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The Race Myth Hardcover – June 17, 2004

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Editorial Reviews

From Publishers Weekly

A former professor of biology and African American studies summarizes the history and science of race from its early identity as a "scientific fact" to its current status as a social construction in this unevenly argued book. Graves is adept at simplifying complex ideas-such as natural selection, sexual selection and genetic distance-so they can easily be understood by readers with only a passing familiarity with the basics of biology. And his first chapter, in which he uses evidence from the human genome project to prove that there is only one race of human beings and explains why physical differences are not an accurate reflection of genetic difference, is particularly fascinating. When it comes to discussing race as a contemporary cultural and political phenomenon, however, Graves rarely rises beyond half-hearted analysis, and he concludes almost exclusively with statements about white social domination. For example, when discussing the O.J. Simpson trial, he declares that "if they white people had Simpson at hand, they would have taught him ... that as a black man, he would never get away with violating a white female’s innocence." Elsewhere, his diatribe against the mistreatment of minorities in academia is vitriolic enough to sound conspiratorial. ("Promotion and tenure for nonwhites," he says, "often boils down ... to how palatable ... they are deemed by those who maintain white social domination within that university.") Unfortunately, such broad generalizations pervade much of the book and suggest that it is less interested in provoking intelligent debate than it is on replacing one set of stereotypes with another. Fans of Stephen J. Gould may recognize many of this book’s better arguments from his seminal volume The Mismeasure of Man, which presented them in much more thoughtful detail..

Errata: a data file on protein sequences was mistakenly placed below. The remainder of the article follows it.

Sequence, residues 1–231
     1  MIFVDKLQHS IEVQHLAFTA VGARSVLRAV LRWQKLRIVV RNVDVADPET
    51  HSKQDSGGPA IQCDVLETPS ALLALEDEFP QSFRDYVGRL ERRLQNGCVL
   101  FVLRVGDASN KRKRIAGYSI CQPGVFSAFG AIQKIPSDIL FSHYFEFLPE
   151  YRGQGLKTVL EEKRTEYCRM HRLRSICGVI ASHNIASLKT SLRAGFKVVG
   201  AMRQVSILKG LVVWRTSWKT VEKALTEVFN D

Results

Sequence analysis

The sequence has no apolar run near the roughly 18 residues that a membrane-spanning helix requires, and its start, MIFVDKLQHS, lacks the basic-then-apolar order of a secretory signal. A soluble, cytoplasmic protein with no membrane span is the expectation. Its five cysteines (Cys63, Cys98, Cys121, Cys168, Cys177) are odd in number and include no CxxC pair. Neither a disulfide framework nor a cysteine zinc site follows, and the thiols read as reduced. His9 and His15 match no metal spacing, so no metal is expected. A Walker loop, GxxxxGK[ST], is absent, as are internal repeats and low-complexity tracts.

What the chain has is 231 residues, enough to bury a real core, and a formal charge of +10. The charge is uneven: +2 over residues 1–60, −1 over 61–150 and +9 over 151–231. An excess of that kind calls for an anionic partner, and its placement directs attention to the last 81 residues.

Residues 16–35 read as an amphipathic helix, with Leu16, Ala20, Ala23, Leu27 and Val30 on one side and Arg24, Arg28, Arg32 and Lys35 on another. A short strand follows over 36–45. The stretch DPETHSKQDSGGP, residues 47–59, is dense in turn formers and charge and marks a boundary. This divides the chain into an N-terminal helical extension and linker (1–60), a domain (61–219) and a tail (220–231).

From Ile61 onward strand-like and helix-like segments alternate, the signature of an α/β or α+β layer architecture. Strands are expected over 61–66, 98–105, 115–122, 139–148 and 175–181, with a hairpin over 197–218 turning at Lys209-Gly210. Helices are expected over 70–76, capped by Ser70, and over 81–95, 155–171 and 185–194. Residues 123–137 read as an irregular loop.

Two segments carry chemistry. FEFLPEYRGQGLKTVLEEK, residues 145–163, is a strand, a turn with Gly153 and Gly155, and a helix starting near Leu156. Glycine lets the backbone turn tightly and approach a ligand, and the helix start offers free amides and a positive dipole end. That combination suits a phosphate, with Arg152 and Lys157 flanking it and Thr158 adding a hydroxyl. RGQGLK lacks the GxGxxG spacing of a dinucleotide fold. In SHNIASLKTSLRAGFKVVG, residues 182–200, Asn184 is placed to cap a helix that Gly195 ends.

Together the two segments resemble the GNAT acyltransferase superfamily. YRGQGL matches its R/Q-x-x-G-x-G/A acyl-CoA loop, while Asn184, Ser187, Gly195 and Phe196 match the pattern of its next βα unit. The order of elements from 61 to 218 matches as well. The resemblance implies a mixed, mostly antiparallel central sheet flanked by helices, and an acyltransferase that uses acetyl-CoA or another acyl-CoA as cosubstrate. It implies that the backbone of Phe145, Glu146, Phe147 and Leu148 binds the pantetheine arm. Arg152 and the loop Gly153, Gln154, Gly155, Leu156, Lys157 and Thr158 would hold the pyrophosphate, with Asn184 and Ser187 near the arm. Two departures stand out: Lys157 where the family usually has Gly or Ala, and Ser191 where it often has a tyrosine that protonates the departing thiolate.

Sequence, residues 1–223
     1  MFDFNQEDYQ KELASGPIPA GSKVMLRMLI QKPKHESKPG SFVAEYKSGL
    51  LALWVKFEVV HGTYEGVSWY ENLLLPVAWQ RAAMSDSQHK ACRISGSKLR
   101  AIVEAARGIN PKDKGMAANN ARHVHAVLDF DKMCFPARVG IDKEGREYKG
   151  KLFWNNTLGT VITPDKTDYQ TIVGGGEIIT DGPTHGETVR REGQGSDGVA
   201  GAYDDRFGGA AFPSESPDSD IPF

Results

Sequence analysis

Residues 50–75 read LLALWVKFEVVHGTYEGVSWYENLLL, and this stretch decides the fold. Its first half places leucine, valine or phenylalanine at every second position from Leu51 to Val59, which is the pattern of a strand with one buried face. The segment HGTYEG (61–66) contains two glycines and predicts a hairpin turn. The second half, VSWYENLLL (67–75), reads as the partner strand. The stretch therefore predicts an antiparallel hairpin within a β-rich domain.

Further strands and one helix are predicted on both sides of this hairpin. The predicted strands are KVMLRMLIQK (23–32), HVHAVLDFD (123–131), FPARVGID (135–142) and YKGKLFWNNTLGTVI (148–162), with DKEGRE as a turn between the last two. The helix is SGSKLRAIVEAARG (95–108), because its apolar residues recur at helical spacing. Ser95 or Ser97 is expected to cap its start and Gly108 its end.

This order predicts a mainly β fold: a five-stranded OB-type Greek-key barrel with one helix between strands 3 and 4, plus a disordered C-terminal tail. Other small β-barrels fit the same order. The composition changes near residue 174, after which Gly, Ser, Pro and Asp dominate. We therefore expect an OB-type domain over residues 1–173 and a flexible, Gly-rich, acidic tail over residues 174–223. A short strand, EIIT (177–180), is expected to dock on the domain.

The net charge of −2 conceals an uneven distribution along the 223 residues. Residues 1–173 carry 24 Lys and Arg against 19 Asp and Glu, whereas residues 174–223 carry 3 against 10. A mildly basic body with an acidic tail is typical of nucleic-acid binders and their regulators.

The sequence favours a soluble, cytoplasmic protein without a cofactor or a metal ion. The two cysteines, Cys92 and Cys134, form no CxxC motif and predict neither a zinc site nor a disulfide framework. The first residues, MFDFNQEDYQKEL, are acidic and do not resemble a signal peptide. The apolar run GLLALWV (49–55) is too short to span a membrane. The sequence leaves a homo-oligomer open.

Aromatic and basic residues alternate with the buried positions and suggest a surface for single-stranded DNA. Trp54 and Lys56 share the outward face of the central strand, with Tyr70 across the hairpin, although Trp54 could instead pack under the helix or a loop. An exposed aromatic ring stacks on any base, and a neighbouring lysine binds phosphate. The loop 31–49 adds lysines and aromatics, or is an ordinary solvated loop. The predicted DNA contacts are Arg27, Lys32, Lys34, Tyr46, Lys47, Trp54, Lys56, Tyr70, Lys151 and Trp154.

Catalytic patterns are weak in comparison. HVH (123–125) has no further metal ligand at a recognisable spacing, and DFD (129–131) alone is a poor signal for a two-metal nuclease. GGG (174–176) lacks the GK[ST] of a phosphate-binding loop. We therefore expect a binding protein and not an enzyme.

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From Booklist

Graves, an evolutionary biologist and professor, debunks numerous myths associated with the biological basis of race. His central premise is that there is greater variation within socially constructed races than between them, yet biological differences are often presumed to be an acceptable focus in areas of medicine, disease, and other public-oriented concerns. Graves attacks head-on the false assumptions associated with biological distinctions. Although he allows for certain genetic and biological points of differences, he asserts that their interplay with the environment and culture are too often overlooked and that, for example, differences in health and mortality rates between blacks and whites are more reflective of racism than biology. Noting the popular presumptions about blacks being biologically superior athletes, for example, Graves' analysis of track-and-field Olympic events undermines the weak basis of this and other popular fallacies on race. Graves' integration of science and objective analysis with popular biological assumptions about race makes this an enlightening and provocative work. Vernon Ford
Copyright © American Library Association. All rights reserved

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Product Details

  • Hardcover: 304 pages
  • Publisher: Dutton Adult; 1 edition (June 17, 2004)
  • Language: English
  • ISBN-10: 0525948252
  • ISBN-13: 978-0525948254
  • Product Dimensions: 6.3 x 1.1 x 9.4 inches